Makin Waves’ Record of the Week: Toothgrinder’s ‘Phantom Amour’




Asbury Park-based Toothgrinder continues to push boundaries with “Phantom Amour,” their second LP for Spinefarm Records.

To call Asbury Park-based Toothgrinder a metal band would be a mistake because there’s a lot more to them. On Phantom Amour, they have evolved into a dynamic metal-rooted band who continue to incorporate progressive rock into their intensely eclectic epic tunes. With their sophomore Spinefarm LP, they also delve into such disparate styles as jazz and country, alternative and classic rock, and even rap.

Surprising for even as diverse a band as Toothgrinder, Phantom Amour takes a daring direction that longtime fans can enjoy, while many new ones are made.

The entire band shines on a variety of styles, rhythms and important nuances of the 13-song outing, but the strongest element is layers upon layers of vocals by frontman Justin Matthews and harmonies from guitarist Johnuel Hasney and bassist Matt Arensdorf. While Matthews continues to go instantaneously from singing to growling or roaring, he does so more dynamically, like an angel in heaven one second, then a demon from hell, the next. Adding to the exciting unexpectedness are the divine high harmonies of Hasney.

At least five layers of vocals are on each track, more in some cases, and they’re all delicious, including Matthews’ eerie whisper frequently stewing underneath his banshee escaped from the underworld, as well as Hasney’s pretty pine. I’m looking forward to seeing how Toothgrinder pull off these mesmerizing vocals live.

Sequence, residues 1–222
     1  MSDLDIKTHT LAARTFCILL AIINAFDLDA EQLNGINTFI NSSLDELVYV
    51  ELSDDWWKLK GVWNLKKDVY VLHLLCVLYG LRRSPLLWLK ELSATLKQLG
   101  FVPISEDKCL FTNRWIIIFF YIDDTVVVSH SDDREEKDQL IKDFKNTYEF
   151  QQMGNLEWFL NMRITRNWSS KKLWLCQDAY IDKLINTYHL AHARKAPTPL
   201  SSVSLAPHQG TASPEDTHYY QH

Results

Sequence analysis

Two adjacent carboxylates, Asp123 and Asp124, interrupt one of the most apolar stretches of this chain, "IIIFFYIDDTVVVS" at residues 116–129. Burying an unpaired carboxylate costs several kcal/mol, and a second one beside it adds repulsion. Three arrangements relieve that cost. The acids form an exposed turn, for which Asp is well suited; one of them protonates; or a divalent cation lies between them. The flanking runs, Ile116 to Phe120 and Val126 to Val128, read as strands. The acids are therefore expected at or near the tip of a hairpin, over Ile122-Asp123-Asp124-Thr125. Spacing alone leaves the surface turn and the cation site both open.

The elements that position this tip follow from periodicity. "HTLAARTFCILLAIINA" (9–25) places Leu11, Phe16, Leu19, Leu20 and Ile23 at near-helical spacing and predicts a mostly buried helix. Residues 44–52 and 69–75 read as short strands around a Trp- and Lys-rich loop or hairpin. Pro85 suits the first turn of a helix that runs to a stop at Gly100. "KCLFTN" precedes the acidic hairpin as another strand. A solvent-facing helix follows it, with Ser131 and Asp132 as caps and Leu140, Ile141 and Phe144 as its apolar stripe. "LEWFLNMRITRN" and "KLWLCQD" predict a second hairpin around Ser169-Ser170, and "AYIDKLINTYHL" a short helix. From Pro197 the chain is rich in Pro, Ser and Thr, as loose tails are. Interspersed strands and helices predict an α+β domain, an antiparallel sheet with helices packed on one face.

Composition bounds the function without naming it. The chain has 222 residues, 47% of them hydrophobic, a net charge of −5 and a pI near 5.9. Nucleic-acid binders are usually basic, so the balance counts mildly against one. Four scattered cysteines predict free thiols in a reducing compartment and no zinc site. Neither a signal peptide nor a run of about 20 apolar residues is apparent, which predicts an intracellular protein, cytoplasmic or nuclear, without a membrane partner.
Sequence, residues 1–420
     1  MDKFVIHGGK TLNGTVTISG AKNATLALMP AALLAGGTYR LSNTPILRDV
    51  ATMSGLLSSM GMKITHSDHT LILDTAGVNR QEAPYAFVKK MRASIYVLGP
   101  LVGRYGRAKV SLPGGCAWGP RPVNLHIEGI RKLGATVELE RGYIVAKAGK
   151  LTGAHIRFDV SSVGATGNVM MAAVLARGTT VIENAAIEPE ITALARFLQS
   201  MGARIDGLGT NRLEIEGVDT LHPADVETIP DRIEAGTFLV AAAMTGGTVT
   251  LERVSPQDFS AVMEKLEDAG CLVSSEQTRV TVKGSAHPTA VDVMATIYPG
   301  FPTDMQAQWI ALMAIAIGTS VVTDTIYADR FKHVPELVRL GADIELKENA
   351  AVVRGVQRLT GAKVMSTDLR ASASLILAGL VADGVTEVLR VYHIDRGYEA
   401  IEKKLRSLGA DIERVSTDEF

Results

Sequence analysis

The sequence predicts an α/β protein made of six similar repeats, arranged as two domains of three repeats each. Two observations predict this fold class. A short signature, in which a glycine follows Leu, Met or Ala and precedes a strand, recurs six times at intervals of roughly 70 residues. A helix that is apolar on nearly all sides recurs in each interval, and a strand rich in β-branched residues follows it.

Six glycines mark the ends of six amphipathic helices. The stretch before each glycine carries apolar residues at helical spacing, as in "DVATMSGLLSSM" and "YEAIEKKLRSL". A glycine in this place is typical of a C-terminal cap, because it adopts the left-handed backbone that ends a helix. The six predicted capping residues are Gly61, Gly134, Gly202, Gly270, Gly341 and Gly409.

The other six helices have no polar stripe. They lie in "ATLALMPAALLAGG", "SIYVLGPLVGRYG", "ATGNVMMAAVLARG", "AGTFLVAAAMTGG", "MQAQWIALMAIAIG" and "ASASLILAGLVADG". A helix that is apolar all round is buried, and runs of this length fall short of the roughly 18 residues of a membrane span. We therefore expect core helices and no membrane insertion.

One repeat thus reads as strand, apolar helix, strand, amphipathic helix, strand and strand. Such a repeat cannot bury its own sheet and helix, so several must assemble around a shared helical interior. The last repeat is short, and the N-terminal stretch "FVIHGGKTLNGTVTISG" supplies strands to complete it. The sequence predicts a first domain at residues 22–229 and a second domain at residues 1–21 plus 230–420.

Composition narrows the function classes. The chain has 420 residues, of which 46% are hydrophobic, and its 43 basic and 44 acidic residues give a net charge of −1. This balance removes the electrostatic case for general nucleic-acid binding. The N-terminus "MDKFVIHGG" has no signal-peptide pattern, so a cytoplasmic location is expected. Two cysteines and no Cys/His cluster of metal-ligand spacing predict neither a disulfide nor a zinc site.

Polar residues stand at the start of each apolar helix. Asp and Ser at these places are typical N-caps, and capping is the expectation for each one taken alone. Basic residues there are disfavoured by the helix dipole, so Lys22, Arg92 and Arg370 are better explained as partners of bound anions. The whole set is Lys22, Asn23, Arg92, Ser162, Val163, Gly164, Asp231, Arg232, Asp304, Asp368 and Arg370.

What’s also interesting is that unlike metal bands who often write about very disturbing subjects, Toothgrinder tackles the everyday life of relationships, work and home, which makes them far more relatable. However, that relatability hopefully is not the case with the chilling, menacing single “The Shadow,” about an unsettling darkness attempting to overcome the psyche.

My favorite track is the beautiful acoustic love song “Jubilee,” which features founding drummer Wills Weller on banjo about two-thirds of the way through. The sweet tune proves that Toothgrinder can move in any direction they want effectively because their chops keep getting stronger and stronger.

I also really like the title track, a break-up song set in their hometown of “The City by the Sea” that features a powerful rap in the bridge, some of Weller’s best drumming, and an eclecticism that opens with a crunchy Sabbath-like intro, but abruptly turns into another tasty harmony vocal.

I hope that Toothgrinder continues to mix it up and keep their fans on their toes, and I hope that some of this collection’s more accessible songs, such as “Jubilee,” bring them the wider audience they and hard rock in general deserve.

Bob Makin is the reporter for and a former managing editor and still a contributor to The Aquarian Weekly, which launched this column in 1988. Contact him at Like Makin Waves at


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